I read, for instance, that three Frenchmen recently had their left thumbs cut off and were paid compensation by the state social security system of between 700 and 2000 pounds. This reminded me of a trick French soldiers once used of cutting off their right index or trigger finger to avoid being called up in the Napoleonic armies.
Human nature does not alter very much, and nor do human needs, however strongly the winds of change may blow. The same is true of nations. The search is always for a workable ideology and rising standards of living.
It seems to me that many countries in the Commonwealth, and particularly those in which my Community live are experiencing an age-old conflict. The pull of the past, the longing to rediscover grassroots, overgrown by alien civilisations, clash with the dazzling promise of material progress in the future. Yet this material progress can only be obtained from the Western world whose values they do not entirely accept nor comprehend.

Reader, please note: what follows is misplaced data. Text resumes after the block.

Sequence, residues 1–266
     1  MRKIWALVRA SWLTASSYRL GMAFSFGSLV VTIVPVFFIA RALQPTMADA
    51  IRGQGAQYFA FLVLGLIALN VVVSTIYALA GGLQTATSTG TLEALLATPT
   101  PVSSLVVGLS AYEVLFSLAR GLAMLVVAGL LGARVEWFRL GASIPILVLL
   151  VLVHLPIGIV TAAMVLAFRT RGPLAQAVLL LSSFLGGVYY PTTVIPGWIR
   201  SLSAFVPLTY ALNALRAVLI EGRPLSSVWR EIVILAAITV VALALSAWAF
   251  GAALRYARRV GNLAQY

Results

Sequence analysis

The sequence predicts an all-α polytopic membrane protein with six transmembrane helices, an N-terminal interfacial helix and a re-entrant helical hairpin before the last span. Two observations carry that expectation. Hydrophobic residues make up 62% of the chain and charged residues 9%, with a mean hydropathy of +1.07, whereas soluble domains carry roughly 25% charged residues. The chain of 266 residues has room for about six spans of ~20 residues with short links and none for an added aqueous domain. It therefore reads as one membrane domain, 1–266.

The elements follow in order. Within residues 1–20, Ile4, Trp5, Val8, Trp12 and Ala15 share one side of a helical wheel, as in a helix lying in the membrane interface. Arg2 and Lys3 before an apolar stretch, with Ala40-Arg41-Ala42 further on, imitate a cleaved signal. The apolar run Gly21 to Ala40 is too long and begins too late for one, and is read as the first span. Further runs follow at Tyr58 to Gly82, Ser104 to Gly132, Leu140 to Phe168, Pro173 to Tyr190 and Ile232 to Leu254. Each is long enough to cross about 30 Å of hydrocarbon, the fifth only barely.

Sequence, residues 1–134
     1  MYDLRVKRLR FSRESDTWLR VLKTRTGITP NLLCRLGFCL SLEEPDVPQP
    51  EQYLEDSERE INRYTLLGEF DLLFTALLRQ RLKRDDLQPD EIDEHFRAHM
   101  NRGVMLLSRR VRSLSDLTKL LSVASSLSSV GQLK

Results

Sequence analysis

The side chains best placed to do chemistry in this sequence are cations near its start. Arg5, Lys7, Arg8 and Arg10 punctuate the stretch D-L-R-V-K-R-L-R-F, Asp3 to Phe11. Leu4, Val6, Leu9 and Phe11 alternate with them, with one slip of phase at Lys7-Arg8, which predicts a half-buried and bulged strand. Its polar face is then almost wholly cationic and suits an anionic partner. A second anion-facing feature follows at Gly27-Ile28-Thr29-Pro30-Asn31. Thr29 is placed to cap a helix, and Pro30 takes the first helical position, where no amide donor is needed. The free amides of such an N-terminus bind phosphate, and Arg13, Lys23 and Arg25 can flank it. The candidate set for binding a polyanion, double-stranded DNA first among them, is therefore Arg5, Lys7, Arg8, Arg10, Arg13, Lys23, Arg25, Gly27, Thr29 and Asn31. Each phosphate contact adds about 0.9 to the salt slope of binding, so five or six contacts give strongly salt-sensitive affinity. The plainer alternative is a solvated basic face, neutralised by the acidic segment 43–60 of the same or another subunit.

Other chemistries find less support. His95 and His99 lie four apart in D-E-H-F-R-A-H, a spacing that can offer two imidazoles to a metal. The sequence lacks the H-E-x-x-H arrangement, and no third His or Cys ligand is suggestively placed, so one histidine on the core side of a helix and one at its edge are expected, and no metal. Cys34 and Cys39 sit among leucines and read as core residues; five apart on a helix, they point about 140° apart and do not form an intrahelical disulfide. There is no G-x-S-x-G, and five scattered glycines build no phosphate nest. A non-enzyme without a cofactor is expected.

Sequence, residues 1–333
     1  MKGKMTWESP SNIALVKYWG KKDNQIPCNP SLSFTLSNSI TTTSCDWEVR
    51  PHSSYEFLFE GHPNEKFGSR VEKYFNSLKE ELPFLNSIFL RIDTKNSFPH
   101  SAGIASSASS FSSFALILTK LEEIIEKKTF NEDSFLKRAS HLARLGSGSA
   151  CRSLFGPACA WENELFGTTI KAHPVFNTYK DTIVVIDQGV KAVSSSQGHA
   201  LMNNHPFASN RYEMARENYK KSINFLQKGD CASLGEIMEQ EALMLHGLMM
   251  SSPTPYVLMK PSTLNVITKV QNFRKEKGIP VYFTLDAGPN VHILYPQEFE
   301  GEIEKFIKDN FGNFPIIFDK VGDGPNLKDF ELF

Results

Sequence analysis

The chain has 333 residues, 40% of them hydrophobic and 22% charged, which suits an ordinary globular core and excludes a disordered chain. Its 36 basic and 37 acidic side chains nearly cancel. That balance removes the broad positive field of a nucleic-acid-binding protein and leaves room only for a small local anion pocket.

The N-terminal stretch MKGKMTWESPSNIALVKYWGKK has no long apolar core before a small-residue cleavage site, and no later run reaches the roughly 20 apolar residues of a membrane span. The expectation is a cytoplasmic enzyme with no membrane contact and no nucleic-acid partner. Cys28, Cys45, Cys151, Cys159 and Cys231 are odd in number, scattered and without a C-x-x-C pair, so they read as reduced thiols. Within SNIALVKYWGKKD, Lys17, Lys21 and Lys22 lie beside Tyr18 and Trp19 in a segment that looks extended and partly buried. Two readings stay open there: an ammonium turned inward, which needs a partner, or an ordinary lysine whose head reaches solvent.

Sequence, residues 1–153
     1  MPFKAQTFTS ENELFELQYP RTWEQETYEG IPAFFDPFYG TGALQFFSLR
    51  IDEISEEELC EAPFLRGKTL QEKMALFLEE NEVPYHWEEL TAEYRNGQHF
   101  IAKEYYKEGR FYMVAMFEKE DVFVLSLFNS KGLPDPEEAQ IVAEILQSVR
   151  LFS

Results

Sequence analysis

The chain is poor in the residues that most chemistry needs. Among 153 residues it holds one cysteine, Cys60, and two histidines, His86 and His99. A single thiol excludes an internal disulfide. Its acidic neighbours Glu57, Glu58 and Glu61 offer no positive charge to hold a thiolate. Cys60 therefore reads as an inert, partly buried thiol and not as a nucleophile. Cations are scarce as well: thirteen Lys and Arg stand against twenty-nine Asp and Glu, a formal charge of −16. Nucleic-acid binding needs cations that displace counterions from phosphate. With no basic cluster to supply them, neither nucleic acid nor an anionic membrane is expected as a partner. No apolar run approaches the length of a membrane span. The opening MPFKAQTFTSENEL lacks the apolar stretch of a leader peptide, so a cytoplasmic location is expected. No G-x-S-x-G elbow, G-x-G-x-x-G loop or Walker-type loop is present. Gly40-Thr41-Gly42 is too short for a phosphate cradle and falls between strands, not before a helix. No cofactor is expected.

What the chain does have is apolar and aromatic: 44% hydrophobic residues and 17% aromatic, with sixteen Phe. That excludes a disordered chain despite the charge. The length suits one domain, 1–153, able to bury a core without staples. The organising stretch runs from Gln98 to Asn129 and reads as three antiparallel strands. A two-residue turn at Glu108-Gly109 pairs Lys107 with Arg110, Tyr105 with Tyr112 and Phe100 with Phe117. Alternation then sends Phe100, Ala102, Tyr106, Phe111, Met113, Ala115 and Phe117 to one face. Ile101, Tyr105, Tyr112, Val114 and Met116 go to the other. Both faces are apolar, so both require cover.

While working feverishly at increasing their national production, raising standards of living, and applying modern methods in industrialisation and in agriculture, most of the countries I have visited during the last 3 years have been making an equally determined effort to recreate their national history, to bring to light their own traditions and customs and to make them a living part of a new national life.
You will find this tendency not only in the period prior to independence, when countries are emerging from colonial status, but even more strongly afterwards. A country seeks not only the right to govern itself but feels the need to create a national personality drawn from roots of an earlier growth than those of the colonial period.
It is this stupendous problem of harnessing modern technological progress, if you like - the Space Age - to a national personality still evolving and simultaneously seeking to escape its immediate western past that I would like to emphasise tonight.
During the past three years I have been fortunate enough in visiting my various communities, to travel some 300,000 miles through a large part of Africa, Asia and the Middle East.